The keys to EV adoption

Published on February 27, 2020 in Electric Vehicles by Rob Minton

A major trend at CES 2020 was that car companies around the world are moving quickly towards battery electric vehicles (BEVs)

Currently, two major obstacles stand in the way of an electrified vehicle future:

  1. Limited public fast-charging infrastructure
  2. The cost of a BEV compared to an internal combustion engine (ICE)-powered vehicle. This cost disparity is an even bigger hurdle for Tesla and General Motors, as the U.S. federal tax credit for their electric vehicles began to phase out in 2019 and disappear in 2020. This federal tax credit lowers the cost of a BEV by $7,500 for the first 200,000 BEVs that a manufacturer sells, after which the tax credit is reduced and phased out over the course of the following year.

Until these obstacles are overcome, BEV adoption will be slower than possible and focused on those who can install a home charging station.

Encouraging EV adoption

There are three primary ways to help promote EV adoption:

  1. Lower the cost of buying/leasing a BEV. One way to do this is through boosting residual value. EV residuals are typically lower than their ICE counterpart because used-EV car buyers deal with the uncertainty of having to replace a very expensive battery and rapidly improving technology.
  2. Provide buyers with a great customer experience, and that includes selecting the right BEV for your driving needs.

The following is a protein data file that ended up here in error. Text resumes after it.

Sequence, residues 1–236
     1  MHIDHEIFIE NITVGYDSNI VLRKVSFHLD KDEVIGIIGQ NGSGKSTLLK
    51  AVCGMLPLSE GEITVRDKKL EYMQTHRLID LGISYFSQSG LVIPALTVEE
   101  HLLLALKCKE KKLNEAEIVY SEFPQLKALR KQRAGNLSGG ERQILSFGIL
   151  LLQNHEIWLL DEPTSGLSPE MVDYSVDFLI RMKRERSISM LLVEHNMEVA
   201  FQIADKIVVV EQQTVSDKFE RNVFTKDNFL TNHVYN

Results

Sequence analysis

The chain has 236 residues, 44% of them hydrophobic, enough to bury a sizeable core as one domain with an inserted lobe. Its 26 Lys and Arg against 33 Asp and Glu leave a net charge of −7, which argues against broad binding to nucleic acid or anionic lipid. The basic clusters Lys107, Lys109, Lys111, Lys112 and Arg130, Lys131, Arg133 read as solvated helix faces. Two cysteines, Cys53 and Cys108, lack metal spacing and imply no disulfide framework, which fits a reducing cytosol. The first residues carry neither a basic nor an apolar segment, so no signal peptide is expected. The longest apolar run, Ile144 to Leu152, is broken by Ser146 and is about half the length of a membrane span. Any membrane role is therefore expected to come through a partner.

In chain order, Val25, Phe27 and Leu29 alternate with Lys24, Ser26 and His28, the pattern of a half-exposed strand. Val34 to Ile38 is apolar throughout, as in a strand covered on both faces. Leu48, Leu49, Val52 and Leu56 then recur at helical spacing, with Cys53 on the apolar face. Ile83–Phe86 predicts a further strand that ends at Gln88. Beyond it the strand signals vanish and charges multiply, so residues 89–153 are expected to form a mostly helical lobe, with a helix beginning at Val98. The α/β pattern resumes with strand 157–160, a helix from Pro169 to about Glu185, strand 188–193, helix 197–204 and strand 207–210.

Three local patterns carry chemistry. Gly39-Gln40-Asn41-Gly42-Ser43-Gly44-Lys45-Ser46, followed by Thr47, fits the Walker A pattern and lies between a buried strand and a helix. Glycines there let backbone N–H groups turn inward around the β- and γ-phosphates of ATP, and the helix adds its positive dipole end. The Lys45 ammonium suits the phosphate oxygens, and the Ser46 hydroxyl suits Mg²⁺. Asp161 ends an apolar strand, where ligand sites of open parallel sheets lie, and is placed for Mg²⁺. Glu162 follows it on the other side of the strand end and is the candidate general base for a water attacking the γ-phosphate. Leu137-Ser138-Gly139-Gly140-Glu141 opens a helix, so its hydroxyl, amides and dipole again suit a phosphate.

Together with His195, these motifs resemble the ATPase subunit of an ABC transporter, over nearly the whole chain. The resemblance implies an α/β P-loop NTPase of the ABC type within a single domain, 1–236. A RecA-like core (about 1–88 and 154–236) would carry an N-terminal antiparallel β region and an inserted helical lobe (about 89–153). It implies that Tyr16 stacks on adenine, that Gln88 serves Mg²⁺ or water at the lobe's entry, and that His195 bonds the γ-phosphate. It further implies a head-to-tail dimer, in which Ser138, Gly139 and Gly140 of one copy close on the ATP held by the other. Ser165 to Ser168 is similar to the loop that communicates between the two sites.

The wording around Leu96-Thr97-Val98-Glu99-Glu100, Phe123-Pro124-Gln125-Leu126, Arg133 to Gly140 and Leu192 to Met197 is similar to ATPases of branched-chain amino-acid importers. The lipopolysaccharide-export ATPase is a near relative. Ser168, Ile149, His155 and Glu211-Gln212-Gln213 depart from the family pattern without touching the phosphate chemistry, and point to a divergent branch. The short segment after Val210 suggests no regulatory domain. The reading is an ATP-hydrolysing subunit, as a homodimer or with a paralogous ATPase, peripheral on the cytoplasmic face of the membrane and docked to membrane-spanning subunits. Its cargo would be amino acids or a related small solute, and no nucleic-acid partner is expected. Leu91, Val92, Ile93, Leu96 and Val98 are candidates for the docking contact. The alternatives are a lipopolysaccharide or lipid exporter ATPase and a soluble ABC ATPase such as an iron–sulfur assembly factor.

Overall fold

3. Collaborate with electric utilities and EV owners/operators to incentivize both home/workplace and public charging.

The good news is that Geotab has solutions that can help with all three of these key success factors.

Geotab’s new Battery Degradation Tool provides fleet operators and fleet management companies critical data needed to make informed electric vehicle procurement decisions. With the tool’s battery health data, users can predict the available range, lifespan and residual value of their assets. The data shows that battery replacement won't be necessary for a much longer period than originally thought. Access the link to the EV battery degradation comparison tool in this blog post by Charlotte Argue.

Range anxiety is often cited as one of the main reasons fleets and consumers have not yet switched to EVs. No one wants to be stranded without access to charging facilities. By looking at the maximum distance a vehicle runs in one day, you can choose what kind of EV you require.

Do you need a long-range battery EV, with a range over 200 miles? Or will a short-range battery do the job? Is partial electrification with a plug-in hybrid best, given that you are driving 400 miles regularly in one day?

Analyzing the maximum distance driven by a vehicle provides an immediate pass/fail gate when considering an electric vehicle. The Electric Vehicle Suitability Assessment is a solution that can help fleets answer these questions and more.

Another way to increase the loyalty of BEV-buying customers is through programs like SmartCharge Rewards. With SmartCharge Rewards, EV drivers earn rewards for charging at the best time of day, in off-peak hours. By shifting charging, EV drivers are often charging at a lower cost and charging greener. Doing this helps electric utilities understand and manage electricity demand. With the support of manufacturers, utilities and drivers to integrate electric vehicles with the grid we are accelerating the adoption of clean transportation.

Sales of electric vehicles globally currently stands at four percent. But that number is only going to go up, and Geotab is working with our partners to help advocate and grow EV acceptance.


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